Academic Enrichment


Academic Enrichment
Additional Science and Engineering Academy Requirements

The curriculum of the Science & Engineering Academy is designed for students interested in pursuing a career in science, math, technology or engineering. Students must meet a number of specific qualifications in order to attend the Science & Engineering Academy, and satisfactory behavior, conduct, attendance and academic progress is mandatory for continued enrollment. Due to outside contact with engineering and scientific professionals, future employers, and the general public, a higher standard of appearance is expected for all Science & Engineering Academy students than what may be expected at a traditional high school. The Science & Engineering Academy has additional academic requirements including earning three credits of the same international language, taking additional academic electives and completing a qualified academic research project every school year.

Academic Research Requirement

All SEA students complete at least one academic research project each year. Freshmen and sophomores are required to do a science or engineering project for competition at the annual school-wide fair. Students have additional choices as juniors and seniors. Rather than a science or engineering project, students may elect to submit a history fair project for competition, complete the ACE Mentor program, or successfully complete an Independent Study Mentorship (ISM) class. In all cases the work of the students is evaluated by a panel of experts in the field of study.

Developing, implementing, and presenting original research is a demanding task. SEA teachers support students in producing an excellent project and give feedback. Although academic research can be challenging, it provides students with tremendous benefits.

ACE Mentor Program

Will there be enough architects, construction managers and engineers to fill the industry's needs ten years from now? The ACE Mentor Program of America, Inc. is working hard to make sure there are. ACE is an acronym for architecture, construction, and engineering.


The program's mission is to enlighten and increase the awareness of high school students to career opportunities in architecture, construction and engineering and related areas of the design and construction industry through mentoring; and to provide scholarship opportunities for students in an inclusive manner reflective of the diverse school population.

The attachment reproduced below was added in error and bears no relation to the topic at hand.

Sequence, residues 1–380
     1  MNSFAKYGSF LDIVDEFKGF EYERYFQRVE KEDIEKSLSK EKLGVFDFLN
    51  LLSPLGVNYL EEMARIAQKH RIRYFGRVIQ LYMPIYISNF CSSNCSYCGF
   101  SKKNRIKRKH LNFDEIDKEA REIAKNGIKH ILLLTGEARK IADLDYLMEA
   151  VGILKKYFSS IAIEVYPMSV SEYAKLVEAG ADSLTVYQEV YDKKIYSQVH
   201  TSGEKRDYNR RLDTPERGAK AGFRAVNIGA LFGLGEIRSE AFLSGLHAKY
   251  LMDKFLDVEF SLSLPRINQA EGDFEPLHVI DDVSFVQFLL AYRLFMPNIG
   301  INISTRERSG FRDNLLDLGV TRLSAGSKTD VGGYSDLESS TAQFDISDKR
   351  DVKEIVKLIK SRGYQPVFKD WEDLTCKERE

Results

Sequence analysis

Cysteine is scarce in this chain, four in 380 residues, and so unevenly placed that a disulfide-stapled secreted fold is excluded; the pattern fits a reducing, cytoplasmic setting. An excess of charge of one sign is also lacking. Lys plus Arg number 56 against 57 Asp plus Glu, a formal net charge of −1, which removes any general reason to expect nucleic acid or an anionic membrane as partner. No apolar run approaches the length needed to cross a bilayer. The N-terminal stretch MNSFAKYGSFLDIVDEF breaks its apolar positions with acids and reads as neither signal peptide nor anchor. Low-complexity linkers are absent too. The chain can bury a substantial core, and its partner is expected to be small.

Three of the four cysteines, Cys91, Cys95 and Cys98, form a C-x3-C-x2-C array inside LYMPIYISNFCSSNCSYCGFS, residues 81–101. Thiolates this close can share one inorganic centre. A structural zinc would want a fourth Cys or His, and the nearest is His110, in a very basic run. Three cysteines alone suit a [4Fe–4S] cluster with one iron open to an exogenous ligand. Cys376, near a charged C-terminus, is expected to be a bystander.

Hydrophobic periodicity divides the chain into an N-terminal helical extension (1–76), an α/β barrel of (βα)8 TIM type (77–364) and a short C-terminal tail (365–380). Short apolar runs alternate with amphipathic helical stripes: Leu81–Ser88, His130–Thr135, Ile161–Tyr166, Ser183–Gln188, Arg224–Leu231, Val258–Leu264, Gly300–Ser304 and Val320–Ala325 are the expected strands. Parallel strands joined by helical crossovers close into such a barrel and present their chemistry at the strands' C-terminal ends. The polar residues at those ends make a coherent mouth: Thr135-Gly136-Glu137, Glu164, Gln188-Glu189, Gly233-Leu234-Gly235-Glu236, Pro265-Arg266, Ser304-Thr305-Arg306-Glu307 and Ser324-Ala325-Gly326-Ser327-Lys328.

ACE is a unique partnership among industry professionals — architects, interior designers, engineers, construction managers, college and university representatives, and other professionals from related corporations and professional organizations — who work together to attract young people to their professions. Industry professionals volunteer to become mentors to high school students in order to introduce them to the professions and encourage them to pursue studies and careers in these fields. In return, the industry get a much-needed boost of new talent.

- ACE Mentor Program Website, January 12, 2009

The Science and Engineering Academy was one of the founding schools for the ACE Mentor Program in San Antonio and has been involved in the program since 2006.

Gifted and Talented Program

Approximately 500 students on the Jay / SEA campus have been identified as Gifted and talented. This accounts for over 17% of the total population. This is the largest population of gifted and talented students in Northside. Several components of the Gifted and Talented program are described below. Click here to access the district web page dedicated to the Gifted/Talented and Enrichment programs.

Advanced Learning Programs for High Achievers (ALPHA)

The High School GT program is one part of Northside ISD's ALPHA program. ALPHA, Advanced Learning Programs for High Achievers, is an acronym that labels the NISD program across all grade levels. The program to service gifted students aims to provide enrichment that stimulates talents and to provide an atmosphere where students interact with their intellectual peers. The Enrichment Center is one location on campus to give GT students a sense of community. At the Science and Engineering Academy, we service GT students by providing a transition program from middle school to high school, an optional class called Independent Study Mentorship, and Gifted and Talented seminars.


Middle School to High School Transition

Unlike the TIPS program in middle school, students are not placed in gifted classes. There are no GT pull-out classes at the high school level. Instead, GT students take pre-AP classes during their 9th and 10th grade years and Advanced Placement and/or Dual Credit classes during their 10th, 11th, and 12th grade years. These rigorous classes stimulate higher level thinking skills and provide gifted students opportunities for academic advancement. These rigorous courses are also favored by college admissions committees.